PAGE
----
Cove of Cork
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COVE OF CORK, THE. AKA and see "Groves of Blackpool (2) (The)," "Orchill's Favorite." Scottish Slow Air. F Major. Standard tuning (fiddle). AABB'. Gow gives "Orchill's Favorite" as an alternate title. The Cove of Cork was the former name of Queenstown, Ireland. W.H. Bartlett (1841) writes:
The town, which is neatly built, has a busy lively look, and is cleaner than the generality of seaports. It can boast but few objects of antiquarian interest, being merely an insignificant village at the beginning of the present century; its subsequent importance has been in a great degree owing to the late war, during which Cork harbour was made a rendezvous station for the British navy. But the town owes its greatest celebrity to the mildness of its climate and its excellent situation, being open to the sea on the south, and encompassed on every other side by high hills, which effectively shelter it from the cold winds. This happy position, and the picturesque beauty of its environs, have for many years past made it a favourite resort for numbers of invalids, who as a medical writer remarks, "would otherwise have sought the far-off scenes of Montpellier or Madeira, with their vehement suns and less temperate vicissitudes of climate. The many recoveries here have justified the selection, and proved the restorative and invigorating principle of its atmosphere. An admirable equability of climate, and an absence of sudden and violent interruptions, are the great characteristics which have so beneficially marked out this town to the ailing and debilitated, establishing its reputation.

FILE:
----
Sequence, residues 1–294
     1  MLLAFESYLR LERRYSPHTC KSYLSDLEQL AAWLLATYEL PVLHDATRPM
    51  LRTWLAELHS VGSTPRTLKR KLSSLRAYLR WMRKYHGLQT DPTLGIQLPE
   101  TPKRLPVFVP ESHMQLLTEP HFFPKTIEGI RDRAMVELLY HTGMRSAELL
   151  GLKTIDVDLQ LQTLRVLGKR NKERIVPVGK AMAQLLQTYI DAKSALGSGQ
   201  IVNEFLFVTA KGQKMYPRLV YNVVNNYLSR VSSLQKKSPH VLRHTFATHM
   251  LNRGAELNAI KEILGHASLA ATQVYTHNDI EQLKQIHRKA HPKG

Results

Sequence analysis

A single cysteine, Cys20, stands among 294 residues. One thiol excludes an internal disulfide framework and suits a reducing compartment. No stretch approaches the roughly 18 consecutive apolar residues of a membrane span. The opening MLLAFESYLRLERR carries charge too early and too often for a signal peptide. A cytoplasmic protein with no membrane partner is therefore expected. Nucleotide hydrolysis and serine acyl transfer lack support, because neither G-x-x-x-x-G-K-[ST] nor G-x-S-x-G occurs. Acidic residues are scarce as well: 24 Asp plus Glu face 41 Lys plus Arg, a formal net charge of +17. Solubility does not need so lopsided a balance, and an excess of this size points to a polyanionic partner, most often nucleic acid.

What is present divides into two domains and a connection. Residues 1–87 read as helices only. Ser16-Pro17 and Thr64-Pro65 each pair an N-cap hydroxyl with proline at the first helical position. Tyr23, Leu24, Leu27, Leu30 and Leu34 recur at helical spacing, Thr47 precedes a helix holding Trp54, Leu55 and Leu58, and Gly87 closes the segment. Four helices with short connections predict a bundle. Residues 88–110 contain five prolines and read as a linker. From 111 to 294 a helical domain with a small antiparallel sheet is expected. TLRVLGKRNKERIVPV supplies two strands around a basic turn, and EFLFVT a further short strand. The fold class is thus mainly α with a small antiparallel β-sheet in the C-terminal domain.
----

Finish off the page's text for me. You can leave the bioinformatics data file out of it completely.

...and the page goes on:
The ancient name of Cove was changed in 1849 to honor the occasion of the landing of Queen Victoria, however in 1922 it reverted back to Cobh of Cork.
Source for notated version:
Printed sources: Gow (Second Collection of Niel Gow's Reels), 1788; p. 14 (3rd edition).